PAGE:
Red Shanked Carder Bee (Bombus ruderarius) is the other species in the UK which may be confused with a Red-tailed bumblebee. They also are black with red tails, but can most clearly be distinguished by having red hairs on their hind legs, rather than black. I have only seen this myself by using a hand lens – it’s very difficult to see this small detail when the bee is flying!
Males vs Females – There are three “castes” of bumblebees which can usually be distinguished from each other by sight: queens, workers and males.
Worker bumblebees (as in the video above) are always female. Males will also be seen on flowers feeding on nectar, but do not have pollen-baskets as they do not “work” to collect pollen. They also often look different to their female counterparts. In the case of Red-tailed bumblebees, the females are black all over except for their red tail. Males have yellow stripes at the top and bottom of their thorax, and yellow faces. I’ve also been told that the males tend to meander and look “lazy” compared to the busy workers!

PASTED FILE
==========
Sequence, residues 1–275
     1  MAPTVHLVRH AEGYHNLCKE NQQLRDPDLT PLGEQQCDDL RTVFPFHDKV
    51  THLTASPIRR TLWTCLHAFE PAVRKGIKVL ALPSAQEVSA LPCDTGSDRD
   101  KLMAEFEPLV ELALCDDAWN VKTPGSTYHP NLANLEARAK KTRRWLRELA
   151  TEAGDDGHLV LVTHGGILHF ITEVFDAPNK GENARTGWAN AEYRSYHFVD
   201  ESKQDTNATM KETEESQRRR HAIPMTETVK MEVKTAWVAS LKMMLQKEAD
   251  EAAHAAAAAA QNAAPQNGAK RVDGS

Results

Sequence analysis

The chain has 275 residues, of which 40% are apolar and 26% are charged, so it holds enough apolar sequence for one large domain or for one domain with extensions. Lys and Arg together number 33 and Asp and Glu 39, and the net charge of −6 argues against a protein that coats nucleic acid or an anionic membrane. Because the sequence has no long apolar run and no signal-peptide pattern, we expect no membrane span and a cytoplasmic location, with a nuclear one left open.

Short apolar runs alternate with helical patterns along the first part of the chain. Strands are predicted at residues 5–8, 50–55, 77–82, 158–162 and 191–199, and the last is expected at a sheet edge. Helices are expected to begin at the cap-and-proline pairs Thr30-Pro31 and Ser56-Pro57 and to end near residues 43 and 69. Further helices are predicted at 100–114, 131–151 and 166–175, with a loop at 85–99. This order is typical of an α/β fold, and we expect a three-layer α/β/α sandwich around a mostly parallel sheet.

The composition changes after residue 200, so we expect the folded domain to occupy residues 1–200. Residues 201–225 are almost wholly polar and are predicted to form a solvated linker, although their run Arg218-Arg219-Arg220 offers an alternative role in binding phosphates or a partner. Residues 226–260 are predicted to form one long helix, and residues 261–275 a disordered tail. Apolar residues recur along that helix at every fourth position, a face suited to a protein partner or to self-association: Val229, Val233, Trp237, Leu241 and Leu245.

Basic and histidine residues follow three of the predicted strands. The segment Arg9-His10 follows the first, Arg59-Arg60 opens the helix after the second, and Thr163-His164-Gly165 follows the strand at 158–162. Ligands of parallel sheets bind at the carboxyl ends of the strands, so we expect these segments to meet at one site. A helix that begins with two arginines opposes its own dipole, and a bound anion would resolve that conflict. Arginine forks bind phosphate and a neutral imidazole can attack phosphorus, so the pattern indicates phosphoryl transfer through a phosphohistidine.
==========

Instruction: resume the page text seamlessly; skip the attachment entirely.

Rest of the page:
There are a few ways the queens can be distinguished from the other castes (workers and males). Red-tailed bumblebee queens have the same colouration as the workers (black with a red tail), and this is common amongst other bumblebee species. The easiest way to recognise a queen is the size: queens are noticeably bigger than males and workers and resemble the typical bumblebee we all imagine. I found listed on NatureSpot the length comparisons for Red-tailed bumblebees:
Distribution and Habitats
As suggested by seeing so many about, Red-tailed bumblebees are known to be an abundant species, and widespread throughout the UK. This is possible due to their ability to use a range of habitats – they can be found anywhere that there are flowers for them to feed on.
Bumblebee Ecology Basics